Outdoor Space and Home Offices Will Become a Hot Commodity
Balconies, terraces and private roof decks have always been prized amenities for prospective buyers, but they will become even more in demand in the coming months. Being stuck inside made many people realize what is important to them in a home and in their space. Outdoor space may become more important and home office space will also become a more standard offering. This means that multi-family projects that are currently in the planning stages will have developers reconsidering layouts to accommodate tenants working from home.
Boutiques Will Win Out Over Larger Developments
While the pandemic has promoted some to wonder whether the trend toward urban living will ebb, we do not think that will stop people from investing in real estate in large metropolitan areas. Boutique buildings will likely win out over large developments and townhouses will become more prized.
Construction Prices Will Continue to Rise
Before the pandemic, the construction industry was already facing a shortage of skilled workers, with many professionals leaving during the Great Recession and construction booming across the country. When the moratorium on construction ends and builders are ready to get back to work, we can expect delays in the permitting process and increased costs as the supply chain slowly recovers and superintendents get up to speed on how to keep workers safe. There will also be the challenge of new constraints on construction lending and the slowdown of land acquisitions following a likely recession.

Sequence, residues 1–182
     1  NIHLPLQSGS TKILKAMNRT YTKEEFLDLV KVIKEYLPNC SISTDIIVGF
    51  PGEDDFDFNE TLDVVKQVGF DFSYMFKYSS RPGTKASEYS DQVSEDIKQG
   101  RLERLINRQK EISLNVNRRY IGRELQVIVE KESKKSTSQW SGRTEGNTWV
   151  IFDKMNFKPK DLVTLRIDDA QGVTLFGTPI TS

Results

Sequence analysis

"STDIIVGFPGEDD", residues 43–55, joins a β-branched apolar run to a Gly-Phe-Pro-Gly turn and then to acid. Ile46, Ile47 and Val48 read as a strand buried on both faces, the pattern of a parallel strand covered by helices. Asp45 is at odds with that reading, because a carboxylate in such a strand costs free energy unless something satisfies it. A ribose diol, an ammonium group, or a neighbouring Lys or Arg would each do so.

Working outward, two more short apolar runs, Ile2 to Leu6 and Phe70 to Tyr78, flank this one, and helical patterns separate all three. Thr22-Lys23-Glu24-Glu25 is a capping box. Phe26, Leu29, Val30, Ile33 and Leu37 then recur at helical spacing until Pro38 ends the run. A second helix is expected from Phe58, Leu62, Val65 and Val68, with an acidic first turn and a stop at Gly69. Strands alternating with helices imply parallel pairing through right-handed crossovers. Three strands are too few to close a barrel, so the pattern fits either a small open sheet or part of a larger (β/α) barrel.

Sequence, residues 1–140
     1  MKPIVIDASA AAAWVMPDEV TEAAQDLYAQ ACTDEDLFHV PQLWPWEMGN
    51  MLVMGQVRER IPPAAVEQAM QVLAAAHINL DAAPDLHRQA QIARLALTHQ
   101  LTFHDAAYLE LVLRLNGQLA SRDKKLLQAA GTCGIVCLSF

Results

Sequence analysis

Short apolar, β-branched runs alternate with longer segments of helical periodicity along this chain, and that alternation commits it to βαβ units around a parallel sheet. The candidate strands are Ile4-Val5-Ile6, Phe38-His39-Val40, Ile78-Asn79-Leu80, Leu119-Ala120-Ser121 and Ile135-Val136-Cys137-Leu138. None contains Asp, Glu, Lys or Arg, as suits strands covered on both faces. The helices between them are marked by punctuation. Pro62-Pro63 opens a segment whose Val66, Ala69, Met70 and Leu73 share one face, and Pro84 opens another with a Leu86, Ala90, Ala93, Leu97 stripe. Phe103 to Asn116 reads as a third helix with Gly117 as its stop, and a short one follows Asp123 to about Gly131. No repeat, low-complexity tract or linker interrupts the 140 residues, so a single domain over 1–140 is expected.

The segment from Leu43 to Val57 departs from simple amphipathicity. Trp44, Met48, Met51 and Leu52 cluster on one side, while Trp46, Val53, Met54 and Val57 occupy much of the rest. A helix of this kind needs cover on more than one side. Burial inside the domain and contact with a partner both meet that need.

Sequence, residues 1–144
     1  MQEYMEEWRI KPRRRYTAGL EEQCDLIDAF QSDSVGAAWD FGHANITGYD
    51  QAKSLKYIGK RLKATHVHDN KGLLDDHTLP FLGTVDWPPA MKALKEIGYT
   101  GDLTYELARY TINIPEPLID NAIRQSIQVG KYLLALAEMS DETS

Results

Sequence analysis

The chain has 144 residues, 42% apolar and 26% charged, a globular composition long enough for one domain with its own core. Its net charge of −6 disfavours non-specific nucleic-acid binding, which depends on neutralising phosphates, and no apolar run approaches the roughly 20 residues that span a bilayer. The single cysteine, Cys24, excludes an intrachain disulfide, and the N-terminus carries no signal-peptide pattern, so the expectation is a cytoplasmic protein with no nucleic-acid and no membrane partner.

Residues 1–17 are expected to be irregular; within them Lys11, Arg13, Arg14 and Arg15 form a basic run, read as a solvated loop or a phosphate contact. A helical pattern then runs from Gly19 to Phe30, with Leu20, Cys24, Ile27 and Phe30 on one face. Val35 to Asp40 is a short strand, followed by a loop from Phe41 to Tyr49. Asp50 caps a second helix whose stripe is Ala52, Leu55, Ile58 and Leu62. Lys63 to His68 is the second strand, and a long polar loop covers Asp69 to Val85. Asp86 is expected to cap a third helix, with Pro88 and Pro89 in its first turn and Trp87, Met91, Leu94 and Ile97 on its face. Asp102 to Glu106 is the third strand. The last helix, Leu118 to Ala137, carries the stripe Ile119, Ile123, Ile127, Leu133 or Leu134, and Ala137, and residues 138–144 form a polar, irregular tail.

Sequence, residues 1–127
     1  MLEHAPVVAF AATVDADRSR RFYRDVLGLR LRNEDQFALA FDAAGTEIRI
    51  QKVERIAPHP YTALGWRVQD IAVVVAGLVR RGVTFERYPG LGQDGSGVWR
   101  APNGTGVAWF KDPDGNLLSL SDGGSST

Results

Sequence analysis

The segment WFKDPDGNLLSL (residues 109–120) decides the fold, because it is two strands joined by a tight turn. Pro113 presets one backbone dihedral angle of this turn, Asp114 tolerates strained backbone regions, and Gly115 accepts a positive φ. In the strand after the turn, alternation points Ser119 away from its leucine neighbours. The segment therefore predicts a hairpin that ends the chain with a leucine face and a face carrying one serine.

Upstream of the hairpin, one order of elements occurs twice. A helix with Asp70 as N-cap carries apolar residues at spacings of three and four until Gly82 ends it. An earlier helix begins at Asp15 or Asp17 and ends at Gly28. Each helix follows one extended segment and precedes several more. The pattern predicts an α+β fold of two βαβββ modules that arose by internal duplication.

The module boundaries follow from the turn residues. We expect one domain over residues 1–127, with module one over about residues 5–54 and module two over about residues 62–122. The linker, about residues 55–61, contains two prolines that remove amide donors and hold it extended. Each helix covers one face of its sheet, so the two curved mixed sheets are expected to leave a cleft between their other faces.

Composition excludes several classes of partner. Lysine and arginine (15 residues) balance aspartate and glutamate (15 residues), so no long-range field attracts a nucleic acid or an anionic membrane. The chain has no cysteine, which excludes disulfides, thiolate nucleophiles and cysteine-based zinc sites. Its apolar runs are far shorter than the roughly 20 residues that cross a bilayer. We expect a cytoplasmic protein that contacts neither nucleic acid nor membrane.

The Supply Chain Will Shift
More than 30 percent of construction materials come from overseas; from countries such as China, Italy and India, which are facing their own challenges withCOVID-19. Many of those suppliers are going to build back up but it is going to take years.
No matter the type of property you own, you can count on the experts at Evanco Realty Advisors for the very best in full-service commercial administration. We provide everything you need to minimize your ownership workload and maximize the return on investment for each of your commercial properties. We provide peace of mind to owners; implement excellent property management services that enhance value for landlords.